Are You at Risk For Gestational Diabetes and High Blood Sugar Levels?

Pregnancy should be the healthiest time of a woman’s life, and it is a time when preventive medicine is more important than ever. When pregnant women develop gestational diabetes they really need to control their blood sugar levels.

Gestational diabetes occurs because during pregnancy the placenta produces hormones that block the function of insulin, in other words… insulin resistance. Insulin resistance is characteristic of type 2 diabetes…your pancreas is producing insulin but the body is unable to use it.

There is more than one risk factor for gestational diabetes:

  • a history of diabetes in your parent or sibling indicates the possibility of genetic predisposition
  • obesity is another risk factor
  • prediabetes, or slightly elevated sugar levels before your pregnancy, can indicate an impaired ability for your body to utilize sugar
  • it affects women over 25 more than younger mothers
  • a history of having delivered a newborn over 9 pounds (4082 g) previously, might indicate an undiagnosed condition
  • if the mother’s own birth-weight was more than 9 pounds (4082 g)

Gestational diabetes can have complications for the mother if left untreated. It often leads to:

  • cesarean section
  • risk for high blood pressure
  • urinary tract infections and
  • too much fluid in the uterus

True gestational diabetes is confirmed about six months into the pregnancy through an oral glucose tolerance test. If you are considered to be at risk, a glucose tolerance test can be carried out immediately you find you are pregnant.

Ideal blood sugar levels during pregnancy are as follows:

  • fasting…
  • 2 hrs following your meal…

The first line of treatment is:

  • an eating plan that involves eating six small meals and a snack at bedtime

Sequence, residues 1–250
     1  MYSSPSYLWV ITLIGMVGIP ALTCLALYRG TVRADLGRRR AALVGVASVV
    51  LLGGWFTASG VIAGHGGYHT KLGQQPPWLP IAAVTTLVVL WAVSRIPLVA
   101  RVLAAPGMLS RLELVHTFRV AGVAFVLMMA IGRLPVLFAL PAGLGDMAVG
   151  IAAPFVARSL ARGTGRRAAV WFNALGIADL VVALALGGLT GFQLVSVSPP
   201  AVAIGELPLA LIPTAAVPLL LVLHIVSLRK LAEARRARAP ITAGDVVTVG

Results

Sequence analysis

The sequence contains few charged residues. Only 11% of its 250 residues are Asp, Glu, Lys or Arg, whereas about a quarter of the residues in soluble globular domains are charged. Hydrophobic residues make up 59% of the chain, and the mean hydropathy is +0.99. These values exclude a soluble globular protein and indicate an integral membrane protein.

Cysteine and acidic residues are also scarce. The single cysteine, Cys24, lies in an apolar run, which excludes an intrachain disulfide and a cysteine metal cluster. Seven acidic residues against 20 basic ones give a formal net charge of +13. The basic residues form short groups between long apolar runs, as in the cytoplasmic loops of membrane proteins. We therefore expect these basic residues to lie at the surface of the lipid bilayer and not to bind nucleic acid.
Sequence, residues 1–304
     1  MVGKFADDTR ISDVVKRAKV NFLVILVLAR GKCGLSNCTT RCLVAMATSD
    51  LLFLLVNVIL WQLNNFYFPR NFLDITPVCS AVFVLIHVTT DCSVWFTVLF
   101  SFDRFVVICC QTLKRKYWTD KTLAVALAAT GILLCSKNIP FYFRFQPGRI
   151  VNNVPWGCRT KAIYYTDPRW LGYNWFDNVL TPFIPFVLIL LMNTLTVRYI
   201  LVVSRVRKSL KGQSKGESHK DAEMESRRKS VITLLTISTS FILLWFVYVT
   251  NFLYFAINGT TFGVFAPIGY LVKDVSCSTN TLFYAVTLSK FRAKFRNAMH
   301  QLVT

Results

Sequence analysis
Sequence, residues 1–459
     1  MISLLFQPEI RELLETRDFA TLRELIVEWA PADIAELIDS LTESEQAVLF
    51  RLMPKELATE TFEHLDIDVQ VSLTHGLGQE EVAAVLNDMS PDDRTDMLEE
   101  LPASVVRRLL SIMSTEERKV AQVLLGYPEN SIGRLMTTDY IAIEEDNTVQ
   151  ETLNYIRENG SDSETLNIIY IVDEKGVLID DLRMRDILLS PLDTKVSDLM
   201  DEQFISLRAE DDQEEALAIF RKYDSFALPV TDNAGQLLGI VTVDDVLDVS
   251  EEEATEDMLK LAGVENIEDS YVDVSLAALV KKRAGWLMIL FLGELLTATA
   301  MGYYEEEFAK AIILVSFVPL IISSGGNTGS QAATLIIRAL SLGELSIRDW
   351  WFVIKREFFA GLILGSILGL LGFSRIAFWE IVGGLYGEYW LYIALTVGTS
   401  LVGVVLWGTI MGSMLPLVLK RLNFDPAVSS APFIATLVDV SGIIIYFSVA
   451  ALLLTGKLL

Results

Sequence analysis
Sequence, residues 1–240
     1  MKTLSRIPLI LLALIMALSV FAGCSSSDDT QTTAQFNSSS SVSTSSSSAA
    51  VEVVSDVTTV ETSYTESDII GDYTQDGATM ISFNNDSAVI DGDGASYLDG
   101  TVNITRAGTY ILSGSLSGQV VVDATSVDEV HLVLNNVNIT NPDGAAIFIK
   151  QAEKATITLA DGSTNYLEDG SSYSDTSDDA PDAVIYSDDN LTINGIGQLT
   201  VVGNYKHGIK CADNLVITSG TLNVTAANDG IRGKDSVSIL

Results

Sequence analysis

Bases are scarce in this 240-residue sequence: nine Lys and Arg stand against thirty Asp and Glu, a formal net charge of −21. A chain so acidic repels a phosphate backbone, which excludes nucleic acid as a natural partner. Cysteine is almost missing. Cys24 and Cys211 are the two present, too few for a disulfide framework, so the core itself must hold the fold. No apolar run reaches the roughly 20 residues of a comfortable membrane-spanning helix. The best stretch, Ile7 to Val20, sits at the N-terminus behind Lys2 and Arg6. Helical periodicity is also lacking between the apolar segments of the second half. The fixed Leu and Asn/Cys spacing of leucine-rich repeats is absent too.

• eating protein and fat at each meal to help even out your blood sugar response
  • moderate exercise
  • medication may be prescribed

A balanced diet with plenty of fruits, vegetables, whole grains, nuts, nonfat milk, and cottage cheese is important during pregnancy more than ever. Many health care providers will prescribe a multivitamin supplement with iron just to be on the safe side.

Walking and swimming are good cardiovascular exercises but some women with gestational diabetes have limits imposed on their activities. Limitations may include doing the same exercise, the same intensity and duration, at the same time each day. If your blood sugar levels are too high, insulin may be required although some health care providers prescribe sulfonylurea drugs to help reduce blood sugar levels.

A simple test the pregnant mother can do is to check her urine for ketones… if more than a trace amount is found two days in a row, your health care provider needs to be contacted as this indicates your body is taking energy from fat stores instead of using incoming food.

If you have gestational diabetes, even if it disappears after your pregnancy, means you are at increased risk for developing it with your next pregnancy. It also means there is a strong possibility of you developing type 2 diabetes at a later date.